ABI calls for 25-year flood plan to ensure flood insurance remains "widely available and affordable in the UK"

04 December 2007
The Association of British Insurers is today urging the Government to help prevent a repeat of this summer's devastating floods through the creation of a national flood strategy.

The floods, which hit homes in the north east and south west of the country in June, affected an estimated 27,500 homes and 7,000 businesses, at a cost of £1.5billion. The ABI estimated at the time that around a quarter of the homes affected were not insured, and figures from Moneysupermarket.com showed that home insurance applications went up by 300 per cent in the months following the floods.

Nevertheless, insurance companies were still hit hard, with Aviva, the company behind Norwich Union, having to pay out around £175million in insurance claims.

The ABI says that although insurers are still prepared to insure against floods, more needs to done to prevent them in the first place, otherwise policies will become unaffordable for some due to the massive risk the insurers will be taking on.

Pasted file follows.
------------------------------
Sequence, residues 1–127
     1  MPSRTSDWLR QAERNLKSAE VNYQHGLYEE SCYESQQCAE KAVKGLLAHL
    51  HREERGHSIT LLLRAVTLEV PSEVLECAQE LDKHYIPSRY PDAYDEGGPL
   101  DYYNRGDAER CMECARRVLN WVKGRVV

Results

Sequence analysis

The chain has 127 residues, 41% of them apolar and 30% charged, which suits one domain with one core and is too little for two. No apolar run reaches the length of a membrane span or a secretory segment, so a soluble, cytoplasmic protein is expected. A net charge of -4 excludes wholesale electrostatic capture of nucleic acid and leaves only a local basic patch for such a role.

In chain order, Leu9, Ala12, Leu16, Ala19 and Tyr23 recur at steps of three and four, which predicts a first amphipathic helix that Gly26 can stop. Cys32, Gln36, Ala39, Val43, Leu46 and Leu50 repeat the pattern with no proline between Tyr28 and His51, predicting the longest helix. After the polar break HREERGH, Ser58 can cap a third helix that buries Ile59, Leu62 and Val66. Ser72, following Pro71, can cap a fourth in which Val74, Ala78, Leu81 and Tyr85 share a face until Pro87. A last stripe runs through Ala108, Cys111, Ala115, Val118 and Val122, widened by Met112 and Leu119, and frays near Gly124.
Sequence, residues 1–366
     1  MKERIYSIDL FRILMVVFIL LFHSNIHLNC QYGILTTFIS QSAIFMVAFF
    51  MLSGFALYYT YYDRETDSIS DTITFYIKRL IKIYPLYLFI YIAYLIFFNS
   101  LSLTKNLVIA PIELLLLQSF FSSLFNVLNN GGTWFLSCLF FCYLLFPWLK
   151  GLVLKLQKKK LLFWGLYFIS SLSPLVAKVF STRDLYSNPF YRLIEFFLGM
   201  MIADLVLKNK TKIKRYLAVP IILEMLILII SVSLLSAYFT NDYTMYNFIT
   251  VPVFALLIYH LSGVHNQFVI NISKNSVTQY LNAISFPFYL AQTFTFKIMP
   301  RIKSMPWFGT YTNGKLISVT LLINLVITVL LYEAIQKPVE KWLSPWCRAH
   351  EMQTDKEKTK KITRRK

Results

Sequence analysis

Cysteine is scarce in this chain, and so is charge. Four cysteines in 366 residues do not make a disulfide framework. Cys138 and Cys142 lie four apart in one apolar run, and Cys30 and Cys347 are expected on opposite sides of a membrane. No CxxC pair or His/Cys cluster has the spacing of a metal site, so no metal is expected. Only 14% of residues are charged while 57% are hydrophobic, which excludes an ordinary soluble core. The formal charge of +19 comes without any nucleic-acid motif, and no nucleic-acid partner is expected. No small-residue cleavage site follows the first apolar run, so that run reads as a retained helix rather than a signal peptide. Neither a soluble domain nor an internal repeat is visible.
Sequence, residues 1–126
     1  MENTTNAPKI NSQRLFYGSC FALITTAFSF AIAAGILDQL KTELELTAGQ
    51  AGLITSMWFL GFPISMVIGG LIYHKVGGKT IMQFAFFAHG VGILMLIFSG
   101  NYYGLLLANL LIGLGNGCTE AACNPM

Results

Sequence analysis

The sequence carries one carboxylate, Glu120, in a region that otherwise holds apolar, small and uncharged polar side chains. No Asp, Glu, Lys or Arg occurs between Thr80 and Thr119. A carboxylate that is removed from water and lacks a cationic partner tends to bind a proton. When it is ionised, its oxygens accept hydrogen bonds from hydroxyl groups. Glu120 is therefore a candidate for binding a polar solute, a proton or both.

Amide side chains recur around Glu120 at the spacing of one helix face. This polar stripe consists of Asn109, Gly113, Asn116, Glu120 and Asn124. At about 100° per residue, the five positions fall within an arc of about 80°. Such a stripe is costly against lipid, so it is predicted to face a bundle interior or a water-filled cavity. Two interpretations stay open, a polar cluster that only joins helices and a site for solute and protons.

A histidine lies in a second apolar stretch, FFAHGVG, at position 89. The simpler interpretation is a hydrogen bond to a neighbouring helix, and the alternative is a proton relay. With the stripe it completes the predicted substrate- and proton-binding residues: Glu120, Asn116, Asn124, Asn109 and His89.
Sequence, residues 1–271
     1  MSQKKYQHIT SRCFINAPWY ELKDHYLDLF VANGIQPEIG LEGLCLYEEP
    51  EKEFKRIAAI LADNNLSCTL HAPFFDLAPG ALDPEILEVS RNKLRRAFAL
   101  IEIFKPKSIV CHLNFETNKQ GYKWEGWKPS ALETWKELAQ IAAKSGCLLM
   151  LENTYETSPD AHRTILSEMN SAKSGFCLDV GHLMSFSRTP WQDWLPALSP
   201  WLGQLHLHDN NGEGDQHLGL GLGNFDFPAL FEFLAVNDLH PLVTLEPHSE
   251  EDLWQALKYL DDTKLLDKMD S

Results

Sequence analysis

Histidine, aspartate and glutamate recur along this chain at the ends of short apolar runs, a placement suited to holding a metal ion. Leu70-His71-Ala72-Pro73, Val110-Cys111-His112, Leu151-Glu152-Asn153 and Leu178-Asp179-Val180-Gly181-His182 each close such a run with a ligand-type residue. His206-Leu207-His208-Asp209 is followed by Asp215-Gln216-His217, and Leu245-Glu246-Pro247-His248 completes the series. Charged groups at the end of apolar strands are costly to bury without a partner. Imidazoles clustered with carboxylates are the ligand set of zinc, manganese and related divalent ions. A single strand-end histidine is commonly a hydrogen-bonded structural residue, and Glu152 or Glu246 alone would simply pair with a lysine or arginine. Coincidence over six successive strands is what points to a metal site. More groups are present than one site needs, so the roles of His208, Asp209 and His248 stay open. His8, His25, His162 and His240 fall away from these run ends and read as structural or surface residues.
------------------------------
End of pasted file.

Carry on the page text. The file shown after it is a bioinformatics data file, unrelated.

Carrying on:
"This summer’s devastating floods highlight the urgent need for a long-term strategy based around more investment, national coordination and better land use planning," said Stephen Haddrill, Director General of the ABI.

“Insurers want to continue to provide flood insurance. The right decisions from the Government will ensure that flood insurance remains widely available and affordable in the UK.”

The ABI is calling for a single national body to be responsible for flood management, and an investment programme that reflects climate change and the real flood risks from rivers, coasts and drainage. It also wants to see stronger planning controls to ensure that new developments are not built in high flood-risk areas wherever possible.



In support of its calls for a national plan, the ABI has today also released the results of an opinion survey taken from those living in Yorkshire and Humberside, Gloucestershire and Worcestershire - the areas worst affected by the summer floods.

Sixty-seven per cent of residents said they were affected by the floods, and almost the same number – 61 per cent – believe they will suffer flooding again unless something is done, with residents saying that an overhaul of drainage systems is the most urgent measure now needed to reduce the risk of future flooding.

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